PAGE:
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Rep. Jamaal Bowman pleads guilty to one count of falsely pulling a fire alarm

WASHINGTON — Rep. Jamaal Bowman, D-N.Y., pleaded guilty on Thursday to one count of falsely pulling a fire alarm, which he did in a House office building on Capitol Hill last month.

Bowman entered his plea in D.C. Superior Court on Thursday morning as part of a deferred prosecution agreement with prosecutors.

Under the deal, Bowman is required to pay a $1,000 fine and write an apology letter to the U.S. Capitol Police chief. In return, prosecutors have agreed to dismiss the charge against Bowman in three months, as long as he breaks no other laws during that time.

The congressman will have to return to court on Jan. 29, 2024, for a hearing to confirm his compliance with the agreement and for the formal dismissal of the charge against him.

In a statement on Wednesday, Bowman said he accepts responsibility for his actions: “I am responsible for activating a fire alarm, I will be paying the fine issued, and look forward to these charges being ultimately dropped.”

He set off the alarm on Sept. 30 in the Cannon House Office Building as lawmakers were about to vote on a spending measure to keep the government open and prevent a shutdown.

In the minutes after Bowman pulled the alarm, he walked past seven uniformed Capitol Police officers without telling any of them that he was the one who pulled the alarm or that there was no fire in the Cannon office building, prosecutors told Magistrate Judge Dorsey Jones during Thursday’s hearing. Bowman later told investigators that he didn’t stop to tell police there was no fire because he didn’t want to be late for votes on the House floor.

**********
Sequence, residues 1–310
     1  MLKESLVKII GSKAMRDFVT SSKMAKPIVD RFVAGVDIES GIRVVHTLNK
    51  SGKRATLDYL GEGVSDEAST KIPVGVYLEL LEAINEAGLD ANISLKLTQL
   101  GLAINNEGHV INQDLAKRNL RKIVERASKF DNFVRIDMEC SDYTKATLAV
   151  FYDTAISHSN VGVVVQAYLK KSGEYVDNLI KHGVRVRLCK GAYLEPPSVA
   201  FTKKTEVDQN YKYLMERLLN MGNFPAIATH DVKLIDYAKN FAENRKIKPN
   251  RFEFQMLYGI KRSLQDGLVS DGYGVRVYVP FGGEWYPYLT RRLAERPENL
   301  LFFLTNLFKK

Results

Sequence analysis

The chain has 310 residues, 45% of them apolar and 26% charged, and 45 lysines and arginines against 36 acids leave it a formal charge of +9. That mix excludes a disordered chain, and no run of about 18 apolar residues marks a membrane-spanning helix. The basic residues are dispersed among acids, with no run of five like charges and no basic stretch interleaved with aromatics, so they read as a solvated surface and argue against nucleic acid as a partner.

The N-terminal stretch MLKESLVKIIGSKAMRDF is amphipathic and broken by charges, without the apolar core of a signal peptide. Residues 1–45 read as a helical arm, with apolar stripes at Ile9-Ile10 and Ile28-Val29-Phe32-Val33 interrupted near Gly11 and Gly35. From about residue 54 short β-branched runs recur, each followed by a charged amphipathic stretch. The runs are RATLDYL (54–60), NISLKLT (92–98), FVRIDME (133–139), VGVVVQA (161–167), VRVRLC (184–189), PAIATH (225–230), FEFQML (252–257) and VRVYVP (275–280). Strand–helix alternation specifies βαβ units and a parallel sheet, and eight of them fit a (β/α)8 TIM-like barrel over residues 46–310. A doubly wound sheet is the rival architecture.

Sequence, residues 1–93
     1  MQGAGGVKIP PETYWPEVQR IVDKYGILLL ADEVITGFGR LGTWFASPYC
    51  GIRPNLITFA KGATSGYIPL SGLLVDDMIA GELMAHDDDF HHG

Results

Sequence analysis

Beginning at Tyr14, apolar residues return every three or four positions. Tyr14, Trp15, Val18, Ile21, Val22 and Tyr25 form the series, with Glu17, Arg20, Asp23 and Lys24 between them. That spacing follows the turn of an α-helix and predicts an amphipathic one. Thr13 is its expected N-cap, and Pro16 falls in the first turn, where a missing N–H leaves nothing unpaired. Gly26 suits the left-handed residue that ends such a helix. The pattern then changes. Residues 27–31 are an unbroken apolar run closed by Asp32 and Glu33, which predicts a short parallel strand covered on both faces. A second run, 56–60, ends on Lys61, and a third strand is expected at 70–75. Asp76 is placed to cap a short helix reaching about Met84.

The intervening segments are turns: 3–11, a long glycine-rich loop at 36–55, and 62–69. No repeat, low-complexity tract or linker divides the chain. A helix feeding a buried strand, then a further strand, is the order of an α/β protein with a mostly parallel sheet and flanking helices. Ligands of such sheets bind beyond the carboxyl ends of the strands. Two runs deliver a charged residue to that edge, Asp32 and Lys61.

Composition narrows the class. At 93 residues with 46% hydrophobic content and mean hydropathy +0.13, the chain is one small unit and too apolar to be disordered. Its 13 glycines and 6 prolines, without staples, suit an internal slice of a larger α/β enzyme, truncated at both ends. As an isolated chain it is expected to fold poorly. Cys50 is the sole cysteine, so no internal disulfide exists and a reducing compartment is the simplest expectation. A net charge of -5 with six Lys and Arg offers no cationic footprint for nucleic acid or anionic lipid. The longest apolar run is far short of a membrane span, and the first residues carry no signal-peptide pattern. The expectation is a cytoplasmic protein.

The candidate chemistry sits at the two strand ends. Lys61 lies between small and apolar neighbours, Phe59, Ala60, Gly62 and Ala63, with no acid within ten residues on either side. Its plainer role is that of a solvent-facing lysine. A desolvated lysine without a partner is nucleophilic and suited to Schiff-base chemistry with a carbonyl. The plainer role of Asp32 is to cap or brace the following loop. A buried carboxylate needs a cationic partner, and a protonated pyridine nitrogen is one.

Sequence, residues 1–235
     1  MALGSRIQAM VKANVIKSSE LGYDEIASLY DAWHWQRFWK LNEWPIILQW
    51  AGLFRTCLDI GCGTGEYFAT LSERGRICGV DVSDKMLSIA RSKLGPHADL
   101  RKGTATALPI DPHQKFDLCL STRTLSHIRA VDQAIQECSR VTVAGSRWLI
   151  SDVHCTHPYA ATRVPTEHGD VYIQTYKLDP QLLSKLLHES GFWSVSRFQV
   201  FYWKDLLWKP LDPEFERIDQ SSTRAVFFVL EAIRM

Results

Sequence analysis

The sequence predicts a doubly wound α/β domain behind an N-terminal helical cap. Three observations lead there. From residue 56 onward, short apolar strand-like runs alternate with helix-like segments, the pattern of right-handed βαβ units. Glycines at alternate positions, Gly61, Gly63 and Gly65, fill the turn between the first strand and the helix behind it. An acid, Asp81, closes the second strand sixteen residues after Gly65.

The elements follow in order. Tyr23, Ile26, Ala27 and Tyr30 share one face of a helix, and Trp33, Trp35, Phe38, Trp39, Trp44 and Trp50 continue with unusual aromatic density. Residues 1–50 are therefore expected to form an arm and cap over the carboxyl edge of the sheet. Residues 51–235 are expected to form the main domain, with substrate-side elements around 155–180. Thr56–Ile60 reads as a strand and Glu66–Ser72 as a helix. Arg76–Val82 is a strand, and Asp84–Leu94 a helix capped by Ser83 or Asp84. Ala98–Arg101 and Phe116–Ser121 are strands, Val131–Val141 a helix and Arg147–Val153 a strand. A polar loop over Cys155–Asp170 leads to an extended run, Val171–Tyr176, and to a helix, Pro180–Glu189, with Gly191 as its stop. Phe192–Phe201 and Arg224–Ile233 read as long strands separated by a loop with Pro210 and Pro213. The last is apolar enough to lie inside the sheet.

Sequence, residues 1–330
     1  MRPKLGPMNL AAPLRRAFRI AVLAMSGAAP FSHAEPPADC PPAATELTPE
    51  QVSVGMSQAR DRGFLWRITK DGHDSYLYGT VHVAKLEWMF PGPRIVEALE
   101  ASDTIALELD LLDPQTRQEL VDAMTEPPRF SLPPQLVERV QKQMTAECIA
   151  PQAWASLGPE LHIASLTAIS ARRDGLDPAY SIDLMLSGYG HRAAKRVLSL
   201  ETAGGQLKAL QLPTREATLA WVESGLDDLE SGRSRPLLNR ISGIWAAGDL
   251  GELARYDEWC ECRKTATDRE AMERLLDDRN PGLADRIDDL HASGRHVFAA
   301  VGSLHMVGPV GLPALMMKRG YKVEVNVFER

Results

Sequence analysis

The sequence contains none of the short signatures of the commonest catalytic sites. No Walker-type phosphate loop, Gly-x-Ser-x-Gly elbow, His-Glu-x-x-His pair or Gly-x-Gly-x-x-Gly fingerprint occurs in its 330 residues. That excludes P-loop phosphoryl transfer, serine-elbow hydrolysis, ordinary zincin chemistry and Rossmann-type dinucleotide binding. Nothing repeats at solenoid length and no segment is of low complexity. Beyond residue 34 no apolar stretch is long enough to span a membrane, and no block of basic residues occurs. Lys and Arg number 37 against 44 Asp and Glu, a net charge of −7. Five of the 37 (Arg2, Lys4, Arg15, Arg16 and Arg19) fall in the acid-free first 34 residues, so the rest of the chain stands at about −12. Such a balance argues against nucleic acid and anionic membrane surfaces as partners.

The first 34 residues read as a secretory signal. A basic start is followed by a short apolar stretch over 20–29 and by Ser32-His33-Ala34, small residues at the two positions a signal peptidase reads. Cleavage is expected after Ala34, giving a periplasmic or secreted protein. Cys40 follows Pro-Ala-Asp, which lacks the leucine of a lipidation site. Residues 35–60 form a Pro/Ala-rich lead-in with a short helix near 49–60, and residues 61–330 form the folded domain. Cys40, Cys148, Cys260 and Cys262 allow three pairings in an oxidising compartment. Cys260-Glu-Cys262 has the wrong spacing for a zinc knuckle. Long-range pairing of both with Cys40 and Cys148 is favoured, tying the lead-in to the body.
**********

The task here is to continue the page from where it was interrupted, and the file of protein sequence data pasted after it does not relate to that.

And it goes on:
“Yes,” Bowman said when Dorsey asked him if the prosecution’s statement of facts was accurate. 

“I was in a rush to get to a vote to avoid a government shutdown,” Bowman told reporters after the hearing.

Hours after the incident, Bowman said in a statement that he activated the alarm by mistake after encountering a door that was typically open during floor votes but would not open that day.

“I am embarrassed to admit that I activated the fire alarm, mistakenly thinking it would open the door. I regret this and sincerely apologize for any confusion this caused,” he said at the time.

Republicans had accused Bowman of attempting to delay the vote on government funding, an allegation that he has denied.

On Wednesday, Rep. Lisa McClain, R-Mich., secretary for the House Republican Conference, said on the X social media platform that she planned to introduce a resolution to censure Bowman and remove him from all committee assignments for the rest of the 118th Congress for activating the alarm.

It’s unclear if House GOP leadership will bring the measure to the floor for a vote.

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